United States President Donald Trump with North Korean leader Kim Jong-un (File photo)
United States President Donald Trump with North Korean leader Kim Jong-un (File photo)

Trump reaffirms confidence in North's Kim, says 'won't break his promise'

ANI | Updated: May 04, 2019 22:29 IST

Washington D.C. [USA], May 4 (ANI): United States President Donald Trump on Saturday reaffirmed confidence in North Korean leader Kim Jong-un, saying that "he won't break his promise" after the communist country fired several unidentified short-range projectiles from its eastern coast earlier in the day.
"Anything in this very interesting world is possible, but I believe that Kim Jong Un fully realizes the great economic potential of North Korea, and will do nothing to interfere or end it. He also knows that I am with him and does not want to break his promise to me. Deal will happen!" Trump took to Twitter as saying.
Saturday's weapons tests were the most serious by the North since the country launched its Hwasong-15 intercontinental ballistic missiles in November 2017, The New York Times reported.
The launch of the short-range missile comes at a time when denuclearisation talks between the US and North Korea are yet to see progress following the abrupt fallout of the Hanoi summit.
"Today's provocation means that Kim Jong-un is becoming increasingly pessimistic" that he could work out a settlement with Trump, Lee Byong-chol, a North Korea expert at Kyungnam University's Institute of Far Eastern Studies in Seoul was quoted as saying.
"There may be some minor adjustments in the North's behaviour depending on how the US responds, but in the long term, it seems increasingly clear that Kim has decided to go his own way," he added.
American and South Korean authorities were analysing flight data from the tests to identify what types of weapons were launched, the office of President Moon Jae-in of South Korea has said.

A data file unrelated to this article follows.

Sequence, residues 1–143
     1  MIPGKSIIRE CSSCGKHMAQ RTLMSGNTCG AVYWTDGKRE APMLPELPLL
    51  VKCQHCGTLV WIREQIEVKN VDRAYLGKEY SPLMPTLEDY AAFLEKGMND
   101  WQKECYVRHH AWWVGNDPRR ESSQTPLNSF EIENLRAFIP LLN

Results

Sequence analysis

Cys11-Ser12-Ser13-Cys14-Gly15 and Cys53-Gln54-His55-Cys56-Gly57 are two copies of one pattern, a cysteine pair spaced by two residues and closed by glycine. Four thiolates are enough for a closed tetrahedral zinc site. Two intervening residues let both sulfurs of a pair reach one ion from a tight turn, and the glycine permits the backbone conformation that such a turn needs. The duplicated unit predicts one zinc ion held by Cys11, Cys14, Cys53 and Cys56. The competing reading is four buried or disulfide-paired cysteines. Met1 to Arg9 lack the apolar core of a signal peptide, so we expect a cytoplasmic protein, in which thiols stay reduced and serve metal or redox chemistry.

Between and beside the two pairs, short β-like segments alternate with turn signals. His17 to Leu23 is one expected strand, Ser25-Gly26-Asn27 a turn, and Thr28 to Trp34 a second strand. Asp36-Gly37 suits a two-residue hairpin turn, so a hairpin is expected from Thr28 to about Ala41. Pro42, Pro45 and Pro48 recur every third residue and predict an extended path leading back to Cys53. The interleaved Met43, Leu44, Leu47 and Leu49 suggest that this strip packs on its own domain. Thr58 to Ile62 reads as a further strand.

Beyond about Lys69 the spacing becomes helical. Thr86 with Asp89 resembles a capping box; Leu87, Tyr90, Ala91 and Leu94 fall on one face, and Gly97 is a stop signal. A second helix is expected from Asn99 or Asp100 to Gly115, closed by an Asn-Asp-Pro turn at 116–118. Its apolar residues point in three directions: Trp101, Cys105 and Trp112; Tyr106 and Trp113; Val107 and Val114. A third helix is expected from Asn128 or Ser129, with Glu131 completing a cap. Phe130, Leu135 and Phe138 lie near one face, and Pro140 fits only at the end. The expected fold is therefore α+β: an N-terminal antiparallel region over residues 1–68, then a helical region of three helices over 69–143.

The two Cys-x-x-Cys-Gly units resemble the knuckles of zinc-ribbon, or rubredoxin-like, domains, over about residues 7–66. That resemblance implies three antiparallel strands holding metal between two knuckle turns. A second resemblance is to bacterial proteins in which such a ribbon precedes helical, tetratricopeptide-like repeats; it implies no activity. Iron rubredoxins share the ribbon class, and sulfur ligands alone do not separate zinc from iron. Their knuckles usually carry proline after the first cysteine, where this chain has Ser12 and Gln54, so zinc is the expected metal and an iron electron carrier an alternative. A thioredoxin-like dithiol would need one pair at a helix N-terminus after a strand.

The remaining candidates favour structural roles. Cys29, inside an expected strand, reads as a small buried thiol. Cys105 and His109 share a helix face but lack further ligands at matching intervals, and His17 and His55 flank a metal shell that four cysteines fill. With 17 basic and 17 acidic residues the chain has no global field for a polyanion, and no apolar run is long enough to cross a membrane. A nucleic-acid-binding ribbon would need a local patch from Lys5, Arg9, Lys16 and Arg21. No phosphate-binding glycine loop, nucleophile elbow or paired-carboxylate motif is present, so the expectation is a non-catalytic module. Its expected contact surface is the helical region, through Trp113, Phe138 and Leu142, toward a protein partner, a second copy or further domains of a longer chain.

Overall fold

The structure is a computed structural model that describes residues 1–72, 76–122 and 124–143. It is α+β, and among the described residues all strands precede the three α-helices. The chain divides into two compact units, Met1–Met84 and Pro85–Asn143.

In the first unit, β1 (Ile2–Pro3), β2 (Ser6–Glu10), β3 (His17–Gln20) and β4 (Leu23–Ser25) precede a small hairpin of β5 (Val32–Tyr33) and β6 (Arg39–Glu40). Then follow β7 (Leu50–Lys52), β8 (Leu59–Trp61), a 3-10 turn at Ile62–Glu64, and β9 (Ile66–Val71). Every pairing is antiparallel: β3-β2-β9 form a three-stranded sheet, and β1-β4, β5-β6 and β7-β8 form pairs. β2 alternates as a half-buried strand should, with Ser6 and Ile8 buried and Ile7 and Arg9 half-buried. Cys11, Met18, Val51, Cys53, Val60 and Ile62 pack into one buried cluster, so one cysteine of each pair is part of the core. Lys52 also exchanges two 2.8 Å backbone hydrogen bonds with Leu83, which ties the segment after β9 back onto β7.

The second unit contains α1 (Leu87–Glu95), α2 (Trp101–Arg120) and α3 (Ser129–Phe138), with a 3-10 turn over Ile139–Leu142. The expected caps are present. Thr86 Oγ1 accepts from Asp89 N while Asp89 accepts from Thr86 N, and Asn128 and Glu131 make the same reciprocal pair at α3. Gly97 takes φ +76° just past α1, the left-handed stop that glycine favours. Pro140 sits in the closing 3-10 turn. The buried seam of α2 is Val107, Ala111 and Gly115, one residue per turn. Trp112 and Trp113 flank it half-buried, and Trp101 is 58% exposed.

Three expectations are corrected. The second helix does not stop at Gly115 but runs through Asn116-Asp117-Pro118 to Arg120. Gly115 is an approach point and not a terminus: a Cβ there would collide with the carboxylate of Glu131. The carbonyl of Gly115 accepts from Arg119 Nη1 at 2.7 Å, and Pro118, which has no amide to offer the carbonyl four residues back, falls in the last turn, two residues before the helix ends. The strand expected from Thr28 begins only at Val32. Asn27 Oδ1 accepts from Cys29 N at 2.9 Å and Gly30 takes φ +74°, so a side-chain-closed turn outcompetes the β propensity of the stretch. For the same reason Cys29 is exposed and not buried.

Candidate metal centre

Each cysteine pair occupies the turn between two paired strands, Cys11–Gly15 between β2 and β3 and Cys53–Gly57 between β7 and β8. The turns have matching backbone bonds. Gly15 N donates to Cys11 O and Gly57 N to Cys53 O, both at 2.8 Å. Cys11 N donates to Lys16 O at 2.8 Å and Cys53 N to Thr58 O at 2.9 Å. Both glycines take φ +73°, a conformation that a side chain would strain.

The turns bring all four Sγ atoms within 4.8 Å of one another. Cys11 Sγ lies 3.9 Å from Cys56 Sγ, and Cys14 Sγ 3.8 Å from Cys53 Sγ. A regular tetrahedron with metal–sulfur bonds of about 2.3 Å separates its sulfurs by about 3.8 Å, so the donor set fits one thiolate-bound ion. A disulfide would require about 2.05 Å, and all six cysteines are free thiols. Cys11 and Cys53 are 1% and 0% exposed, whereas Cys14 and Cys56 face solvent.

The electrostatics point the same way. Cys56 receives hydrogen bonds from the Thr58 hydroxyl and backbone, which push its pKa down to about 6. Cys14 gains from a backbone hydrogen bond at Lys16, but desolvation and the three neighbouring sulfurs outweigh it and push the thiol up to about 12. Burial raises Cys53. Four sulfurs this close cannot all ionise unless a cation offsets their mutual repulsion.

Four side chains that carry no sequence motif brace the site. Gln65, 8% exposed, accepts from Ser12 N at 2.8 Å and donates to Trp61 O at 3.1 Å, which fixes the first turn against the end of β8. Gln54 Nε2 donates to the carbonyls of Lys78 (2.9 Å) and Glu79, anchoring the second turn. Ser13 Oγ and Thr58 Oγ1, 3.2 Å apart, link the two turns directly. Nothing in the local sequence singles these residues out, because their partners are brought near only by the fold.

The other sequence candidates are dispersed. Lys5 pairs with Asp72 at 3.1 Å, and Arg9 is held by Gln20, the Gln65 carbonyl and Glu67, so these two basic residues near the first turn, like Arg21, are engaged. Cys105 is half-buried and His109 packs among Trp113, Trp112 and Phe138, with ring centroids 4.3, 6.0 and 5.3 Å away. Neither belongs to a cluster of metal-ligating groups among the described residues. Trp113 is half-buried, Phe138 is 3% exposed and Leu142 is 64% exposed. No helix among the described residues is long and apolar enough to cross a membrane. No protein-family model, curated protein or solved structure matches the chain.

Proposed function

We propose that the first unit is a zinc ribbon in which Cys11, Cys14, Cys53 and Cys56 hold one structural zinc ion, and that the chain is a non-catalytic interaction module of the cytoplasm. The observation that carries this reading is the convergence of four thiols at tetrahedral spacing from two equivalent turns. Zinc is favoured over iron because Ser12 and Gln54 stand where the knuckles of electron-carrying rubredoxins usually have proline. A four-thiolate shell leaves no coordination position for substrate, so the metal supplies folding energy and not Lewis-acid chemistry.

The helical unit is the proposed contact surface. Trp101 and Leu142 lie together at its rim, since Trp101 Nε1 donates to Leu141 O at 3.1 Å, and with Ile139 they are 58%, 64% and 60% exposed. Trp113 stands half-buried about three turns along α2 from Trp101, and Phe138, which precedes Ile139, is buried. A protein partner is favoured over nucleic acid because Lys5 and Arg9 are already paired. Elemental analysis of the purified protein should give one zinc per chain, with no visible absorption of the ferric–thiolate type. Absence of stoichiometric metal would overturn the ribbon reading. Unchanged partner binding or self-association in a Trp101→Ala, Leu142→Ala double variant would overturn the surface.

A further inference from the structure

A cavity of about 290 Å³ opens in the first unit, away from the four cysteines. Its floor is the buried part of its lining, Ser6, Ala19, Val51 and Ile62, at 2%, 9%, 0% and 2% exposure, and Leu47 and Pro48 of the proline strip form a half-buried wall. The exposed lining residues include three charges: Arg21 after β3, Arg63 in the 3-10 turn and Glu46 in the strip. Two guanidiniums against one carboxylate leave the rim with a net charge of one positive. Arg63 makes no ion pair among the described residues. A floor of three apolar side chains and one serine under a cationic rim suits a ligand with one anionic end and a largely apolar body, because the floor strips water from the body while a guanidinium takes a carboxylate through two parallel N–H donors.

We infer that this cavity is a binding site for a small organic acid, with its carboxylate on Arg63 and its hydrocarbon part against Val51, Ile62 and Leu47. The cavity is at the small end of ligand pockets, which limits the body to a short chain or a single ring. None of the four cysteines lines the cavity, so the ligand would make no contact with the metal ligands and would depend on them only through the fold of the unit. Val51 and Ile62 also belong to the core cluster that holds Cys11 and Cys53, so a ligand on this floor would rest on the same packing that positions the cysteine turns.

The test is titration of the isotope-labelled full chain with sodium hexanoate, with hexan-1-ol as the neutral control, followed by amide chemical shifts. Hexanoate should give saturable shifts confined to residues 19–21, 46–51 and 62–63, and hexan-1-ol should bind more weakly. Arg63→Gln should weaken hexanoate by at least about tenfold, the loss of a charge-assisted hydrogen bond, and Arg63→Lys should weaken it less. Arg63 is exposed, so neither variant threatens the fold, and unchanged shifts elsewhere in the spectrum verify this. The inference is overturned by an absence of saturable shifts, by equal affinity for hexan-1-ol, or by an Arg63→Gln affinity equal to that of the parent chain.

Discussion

South Korean officials said the "short-range" projectiles flew only 42 to 124 miles off the North's east coast, ruling out the possibility that the country had resumed tests of intermediate- or intercontinental-range ballistic missiles.
North Korea also tested weapons in November last year and again last month. But those weapons were largely considered tactical types with very small ranges.
By gradually increasing the ranges of weapons tests in recent weeks, Kim appeared to be carefully calibrating his options with Trump. Firing short-range weapons may be an attempt to force a breakthrough in the stalled negotiations with Washington while not provoking Trump too far, analysts told The New York Times.
The Hanoi meeting in February abruptly ended when Trump rejected Kim's suggestion that Washington should lift the most painful of sanctions imposed against North since 2016 in return for a partial dismantlement of its nuclear weapons program.
However, Trump wanted the quick rollback of the North's entire nuclear weapons programme.
After returning home without badly needed relief from sanctions, Kim said he would give Trump until the end of the year to offer a new proposal. (ANI)